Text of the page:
Risk factors for osteoporosis in Alaska Native women: a cross-sectional survey.

Joshua J. Filner, Kelly D. Krohn, Jodi A. Lapidus, Thomas M. Becker

Research output: Contribution to journalArticlepeer-review

11 Scopus citations


OBJECTIVES: To estimate the prevalence of risk factors for osteoporosis in Alaska Native (AN) women and to assess the feasibility of portable bone density measurement in rural Alaska. METHODS: We conducted a cross-sectional survey of a convenience sample of 452 patients from 17 clinics in Alaska. We interviewed subjects regarding risk factors for osteoporosis and measured calcaneal bone density by ultrasound. RESULTS: Of the 452 women, 316 (70%) were Alaska Natives. Risk factors for osteoporosis were common among study participants. Total dietary calcium intake was low (mean = 306 mg/day). Current smokers [Odds Ratio (OR) = 3.9, 95% Confidence Interval (95% C.I.) 1.8, 8.4], former smokers (OR = 2.8, 95% C.I. 1.3, 6.2) and chronic users of oral steroids (OR = 4.7, 95% C.I. 1.8, 12.0) were at increased risk for low bone density. CONCLUSIONS: Reduction of cigarette smoking, increase in dietary calcium, and reduction of oral steroid use would likely decrease the prevalence of osteoporosis in AN women. A comprehensive prevention program including bone density screening is warranted in rural Alaska.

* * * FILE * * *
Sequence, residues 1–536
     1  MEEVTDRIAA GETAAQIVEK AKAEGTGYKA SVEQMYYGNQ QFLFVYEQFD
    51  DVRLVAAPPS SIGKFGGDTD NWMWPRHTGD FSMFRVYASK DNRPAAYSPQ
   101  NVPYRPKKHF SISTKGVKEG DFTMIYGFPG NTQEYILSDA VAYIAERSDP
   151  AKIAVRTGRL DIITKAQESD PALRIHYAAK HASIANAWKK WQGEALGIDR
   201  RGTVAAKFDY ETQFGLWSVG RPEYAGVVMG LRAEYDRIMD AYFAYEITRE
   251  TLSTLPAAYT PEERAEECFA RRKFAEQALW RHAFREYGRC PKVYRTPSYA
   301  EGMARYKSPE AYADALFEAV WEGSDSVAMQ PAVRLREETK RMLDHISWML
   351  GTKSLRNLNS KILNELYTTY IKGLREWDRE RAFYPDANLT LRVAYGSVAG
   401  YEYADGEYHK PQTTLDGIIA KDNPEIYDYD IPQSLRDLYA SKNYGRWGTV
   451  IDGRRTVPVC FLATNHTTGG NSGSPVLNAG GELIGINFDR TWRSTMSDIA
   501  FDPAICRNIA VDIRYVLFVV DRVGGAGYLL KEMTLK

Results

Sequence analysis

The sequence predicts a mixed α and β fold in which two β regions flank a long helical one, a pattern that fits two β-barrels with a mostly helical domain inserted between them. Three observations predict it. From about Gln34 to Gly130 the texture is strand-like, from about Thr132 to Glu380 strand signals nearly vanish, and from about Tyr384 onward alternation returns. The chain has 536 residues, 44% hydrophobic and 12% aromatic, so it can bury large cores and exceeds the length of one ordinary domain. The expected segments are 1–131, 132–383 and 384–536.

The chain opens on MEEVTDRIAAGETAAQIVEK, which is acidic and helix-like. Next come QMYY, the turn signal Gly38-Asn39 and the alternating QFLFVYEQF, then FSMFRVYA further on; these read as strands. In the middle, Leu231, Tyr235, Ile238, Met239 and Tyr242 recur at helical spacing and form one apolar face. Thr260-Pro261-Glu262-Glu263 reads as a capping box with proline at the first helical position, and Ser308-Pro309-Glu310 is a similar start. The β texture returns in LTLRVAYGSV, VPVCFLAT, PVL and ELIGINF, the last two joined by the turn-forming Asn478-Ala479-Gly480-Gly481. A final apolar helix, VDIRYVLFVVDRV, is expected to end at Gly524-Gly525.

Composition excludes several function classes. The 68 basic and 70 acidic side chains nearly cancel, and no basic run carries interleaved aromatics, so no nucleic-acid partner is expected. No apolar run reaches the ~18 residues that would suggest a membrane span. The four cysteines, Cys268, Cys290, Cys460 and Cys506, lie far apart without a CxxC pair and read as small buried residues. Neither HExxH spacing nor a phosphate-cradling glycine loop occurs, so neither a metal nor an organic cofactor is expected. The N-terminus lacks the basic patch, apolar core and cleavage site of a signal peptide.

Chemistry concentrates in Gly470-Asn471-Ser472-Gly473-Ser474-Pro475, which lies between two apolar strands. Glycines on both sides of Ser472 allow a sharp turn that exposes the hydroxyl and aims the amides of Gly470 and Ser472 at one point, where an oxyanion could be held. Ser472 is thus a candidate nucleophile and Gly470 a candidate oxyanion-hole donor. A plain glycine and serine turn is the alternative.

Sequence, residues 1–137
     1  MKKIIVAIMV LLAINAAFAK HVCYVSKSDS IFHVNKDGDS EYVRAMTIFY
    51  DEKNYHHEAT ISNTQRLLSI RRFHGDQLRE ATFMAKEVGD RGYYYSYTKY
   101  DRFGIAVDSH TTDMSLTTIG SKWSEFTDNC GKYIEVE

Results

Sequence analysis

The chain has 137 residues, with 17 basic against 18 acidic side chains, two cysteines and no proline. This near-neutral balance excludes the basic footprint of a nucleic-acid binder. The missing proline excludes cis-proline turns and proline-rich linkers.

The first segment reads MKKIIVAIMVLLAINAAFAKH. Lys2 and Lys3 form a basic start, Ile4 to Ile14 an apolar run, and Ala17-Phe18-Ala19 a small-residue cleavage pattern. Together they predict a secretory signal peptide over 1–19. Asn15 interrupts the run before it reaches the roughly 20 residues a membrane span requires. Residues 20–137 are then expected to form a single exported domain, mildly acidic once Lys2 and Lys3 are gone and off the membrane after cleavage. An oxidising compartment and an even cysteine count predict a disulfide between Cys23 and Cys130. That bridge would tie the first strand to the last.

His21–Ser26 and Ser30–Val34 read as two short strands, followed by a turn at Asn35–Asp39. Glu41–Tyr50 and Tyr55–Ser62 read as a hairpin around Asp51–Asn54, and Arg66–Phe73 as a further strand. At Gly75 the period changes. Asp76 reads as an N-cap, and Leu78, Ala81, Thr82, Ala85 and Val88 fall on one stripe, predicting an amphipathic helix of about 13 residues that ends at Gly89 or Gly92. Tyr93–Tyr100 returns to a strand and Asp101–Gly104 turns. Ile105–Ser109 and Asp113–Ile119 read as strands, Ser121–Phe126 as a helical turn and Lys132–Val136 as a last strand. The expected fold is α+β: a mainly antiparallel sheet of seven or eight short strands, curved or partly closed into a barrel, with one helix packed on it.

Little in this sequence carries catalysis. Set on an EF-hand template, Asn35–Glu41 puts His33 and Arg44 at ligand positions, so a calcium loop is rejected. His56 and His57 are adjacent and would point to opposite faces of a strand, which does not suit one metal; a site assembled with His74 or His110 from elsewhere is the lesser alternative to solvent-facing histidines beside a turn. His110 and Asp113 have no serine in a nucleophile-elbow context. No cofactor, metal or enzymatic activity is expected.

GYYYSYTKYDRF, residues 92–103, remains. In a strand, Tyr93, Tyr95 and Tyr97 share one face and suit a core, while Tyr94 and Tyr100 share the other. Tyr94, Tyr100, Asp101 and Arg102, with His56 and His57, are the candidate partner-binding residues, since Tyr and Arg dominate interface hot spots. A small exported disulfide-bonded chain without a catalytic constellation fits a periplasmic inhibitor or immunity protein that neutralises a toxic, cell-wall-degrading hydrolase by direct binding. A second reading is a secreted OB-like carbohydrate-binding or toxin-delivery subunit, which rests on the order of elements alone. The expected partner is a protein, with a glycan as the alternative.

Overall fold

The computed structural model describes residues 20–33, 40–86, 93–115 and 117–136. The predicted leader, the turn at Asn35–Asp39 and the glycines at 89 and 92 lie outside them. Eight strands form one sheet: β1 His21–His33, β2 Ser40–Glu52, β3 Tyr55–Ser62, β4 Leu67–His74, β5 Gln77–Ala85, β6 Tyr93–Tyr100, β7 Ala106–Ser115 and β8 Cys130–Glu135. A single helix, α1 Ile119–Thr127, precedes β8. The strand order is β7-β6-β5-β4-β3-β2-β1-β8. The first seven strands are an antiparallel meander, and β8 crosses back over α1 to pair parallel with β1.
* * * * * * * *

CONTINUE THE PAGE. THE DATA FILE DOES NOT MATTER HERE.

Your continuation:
Original languageEnglish (US)
Pages (from-to)8-13, 21
JournalAlaska medicine
Issue number1
StatePublished - 2002

ASJC Scopus subject areas

  • Medicine(all)


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